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  1. #1
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    Default Knuck/Pan Intake Port CMCD "charge motion control dam" DogLeg

    CMCD is made up, a play on Fords patented CMCV

    Can anyone point me to hard data that would disprove my theory? My theory is this dogleg increases velocity and induces
    swirl-tumble to the charge. And it would be more beneficial for producing torque than a slower moving less active charge.

    I think other than a slight smoothing here (people usually hog the snot out of it for increased CFM), it will hurt VE volumetric efficiency and raise the Max Torque rpm. From what we now know about producing big torque numbers at low rpm those ports are already too big everywhere for a 74 inch motor.

    Right at the valve and a 1/2 inch just below the valve into the throat is all you need to touch/focus on unless welding was also involved.

    Jerry Branch used to promote this porting for Knucks/Pans (magazine how-to article by him) and I see many others still are... (mostly people selling a porting service) and others who don't understand the fundamentals of what a slow churning 4 stroke wants

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    The only thing I know is that so many of these old heads that have been "ported" have had the guide bosses completely removed. And that gives the already short guide even less area to be anchored to the head. The result is that the guides move relative to the seats, and I also see a lot of loose guides that are spinning in the head (with the attendant oil leak into the port). So, I'm really happy when I get a set of pan heads to work with that still have the guide bosses intact.

    As far as the intake port flow goes, air don't like to turn, and that convoluted pan intake port could hardly be worse in that respect.

    Jim

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    There's so much BS in the forums and marketing literature about the WHY behind Fords CMCV

    This guy nails the real reason for the CMCV and has Dyno chart overlays to demonstrate what it's really doing

    https://www.youtube.com/watch?v=FoQn...annel=FourEyes

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    I looked over that video. Not really applicable to a pan or knuck for a number of reasons.

    You are right about the port sizing. S&S said one reason their 98 cu.in. Sidewinder shovels ran so well is that at that displacement the port size is closer to correct. J. Branch also improved the iron XR head by making both the ports and the valves smaller. That increased the velocity and helped power across the whole curve.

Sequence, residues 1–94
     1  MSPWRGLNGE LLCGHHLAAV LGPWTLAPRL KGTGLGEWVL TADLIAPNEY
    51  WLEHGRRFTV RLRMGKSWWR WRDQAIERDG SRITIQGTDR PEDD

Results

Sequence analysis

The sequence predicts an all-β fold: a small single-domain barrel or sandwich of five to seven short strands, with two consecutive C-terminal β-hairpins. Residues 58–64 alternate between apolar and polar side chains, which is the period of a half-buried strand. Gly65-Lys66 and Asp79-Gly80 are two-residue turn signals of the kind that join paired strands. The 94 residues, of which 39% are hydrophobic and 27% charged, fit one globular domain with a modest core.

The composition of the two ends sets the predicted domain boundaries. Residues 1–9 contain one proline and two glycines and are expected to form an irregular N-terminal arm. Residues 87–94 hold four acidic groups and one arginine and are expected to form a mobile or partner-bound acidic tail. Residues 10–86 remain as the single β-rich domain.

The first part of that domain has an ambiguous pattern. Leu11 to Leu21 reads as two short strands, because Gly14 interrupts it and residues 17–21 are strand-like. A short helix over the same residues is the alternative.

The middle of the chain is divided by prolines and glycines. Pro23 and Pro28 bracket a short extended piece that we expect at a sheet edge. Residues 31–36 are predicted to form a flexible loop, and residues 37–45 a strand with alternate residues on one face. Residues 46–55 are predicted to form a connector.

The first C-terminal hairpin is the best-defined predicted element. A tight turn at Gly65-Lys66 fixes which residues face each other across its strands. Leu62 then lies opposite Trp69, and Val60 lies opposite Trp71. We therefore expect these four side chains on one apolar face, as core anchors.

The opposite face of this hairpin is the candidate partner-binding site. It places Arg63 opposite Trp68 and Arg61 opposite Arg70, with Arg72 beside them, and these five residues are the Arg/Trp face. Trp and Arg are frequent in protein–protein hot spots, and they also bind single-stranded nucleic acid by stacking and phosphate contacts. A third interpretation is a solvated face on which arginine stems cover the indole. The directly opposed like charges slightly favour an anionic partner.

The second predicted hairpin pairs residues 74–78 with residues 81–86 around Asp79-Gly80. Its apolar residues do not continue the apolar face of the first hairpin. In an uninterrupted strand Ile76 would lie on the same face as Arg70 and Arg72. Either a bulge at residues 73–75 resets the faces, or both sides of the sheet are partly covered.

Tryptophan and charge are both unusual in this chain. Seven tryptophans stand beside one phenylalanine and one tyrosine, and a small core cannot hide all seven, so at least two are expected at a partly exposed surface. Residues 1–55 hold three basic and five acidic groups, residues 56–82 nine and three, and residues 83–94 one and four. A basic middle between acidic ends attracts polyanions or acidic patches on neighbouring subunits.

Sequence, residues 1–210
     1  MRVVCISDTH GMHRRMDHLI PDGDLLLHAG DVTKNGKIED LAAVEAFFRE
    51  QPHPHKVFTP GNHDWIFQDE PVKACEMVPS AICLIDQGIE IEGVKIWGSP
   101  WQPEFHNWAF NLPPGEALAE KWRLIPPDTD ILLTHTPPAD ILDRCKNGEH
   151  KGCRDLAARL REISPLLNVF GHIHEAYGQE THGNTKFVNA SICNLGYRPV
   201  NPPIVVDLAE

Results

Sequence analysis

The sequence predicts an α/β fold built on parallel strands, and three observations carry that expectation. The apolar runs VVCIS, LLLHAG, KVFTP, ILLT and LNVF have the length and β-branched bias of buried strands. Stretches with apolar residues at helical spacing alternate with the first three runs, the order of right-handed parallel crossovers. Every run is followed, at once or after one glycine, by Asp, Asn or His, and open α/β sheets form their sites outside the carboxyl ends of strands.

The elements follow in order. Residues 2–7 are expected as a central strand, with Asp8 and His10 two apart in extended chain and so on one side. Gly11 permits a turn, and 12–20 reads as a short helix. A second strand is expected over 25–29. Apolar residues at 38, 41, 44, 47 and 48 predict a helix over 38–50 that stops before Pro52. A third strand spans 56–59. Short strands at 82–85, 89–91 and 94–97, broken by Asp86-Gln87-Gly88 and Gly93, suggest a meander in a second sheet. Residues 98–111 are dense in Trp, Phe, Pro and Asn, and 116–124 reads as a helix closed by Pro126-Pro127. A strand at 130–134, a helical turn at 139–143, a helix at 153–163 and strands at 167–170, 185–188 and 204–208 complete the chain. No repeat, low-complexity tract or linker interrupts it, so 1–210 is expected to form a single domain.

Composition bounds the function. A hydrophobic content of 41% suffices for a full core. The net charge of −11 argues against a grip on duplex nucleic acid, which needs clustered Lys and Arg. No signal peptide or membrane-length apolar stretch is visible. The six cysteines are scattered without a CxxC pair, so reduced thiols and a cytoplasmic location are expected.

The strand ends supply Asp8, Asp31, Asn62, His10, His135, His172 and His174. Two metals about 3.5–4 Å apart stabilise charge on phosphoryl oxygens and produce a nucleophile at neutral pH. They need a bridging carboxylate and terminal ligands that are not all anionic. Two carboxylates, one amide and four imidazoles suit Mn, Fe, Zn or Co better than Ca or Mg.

For the pan intake, air don't like to turn, and the port shape will reduce velocity because there is friction in each turn, in a manner of speaking. The fast pans of the day did away with the intake manifold altogether and moved the port to the left side of the head, and mounted two carbs. George Smith reportedly did several sets of pan heads this way, with good results (for that time).

    Jim

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    I remember seeing a racing Vincent where the gas tank had a big hole in it where the velocity stack for the front head stuck thru. I think instead of straight out the side for a carb, more toward 45 degrees or more toward straight up and down. Basically as straight inline, and as close with the valve stem as possible. Straighter toward the valve seat the better. remote fuel bowl Amals would work. I think the yamaha virago had such a carb also. (or maybe vmax?) but you were thinking efi?

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    Try to visualize the actual small diameter charge column moving through this port. And keep in mind it's always going to take the shortest distance between any two points. This is also the principle behind extrude hone!!

    In the case of the Pan port it's going to narrow considerably in order to do that. Result, the velocity increases considerably. Column to wall friction and turbulence will only help to build boundary layer and straighten the path for the charge column.

    The charge column through a straighter, nicer port is going to have a much larger diameter and move at a much lower velocity. You can't think intuitively like a lay person would discussing this subject. Air moving through a port doesn't behave like you would imagine

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    Dude, you need to learn not to talk down to people who are trying to give you help and advice. I'm guessing you are young and VERY inexperienced. But that is no excuse for being rude.

    You go ahead and put in the WORK, and then come back and tell us all about it.

    Jim

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    I sense a little projection there Bud!.. Anyway, I've never suggested you were a liar like you did to me

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    Quote Originally Posted by oneuptom View Post
    I sense a little projection there Bud!.. Anyway, I've never suggested you were a liar like you did to me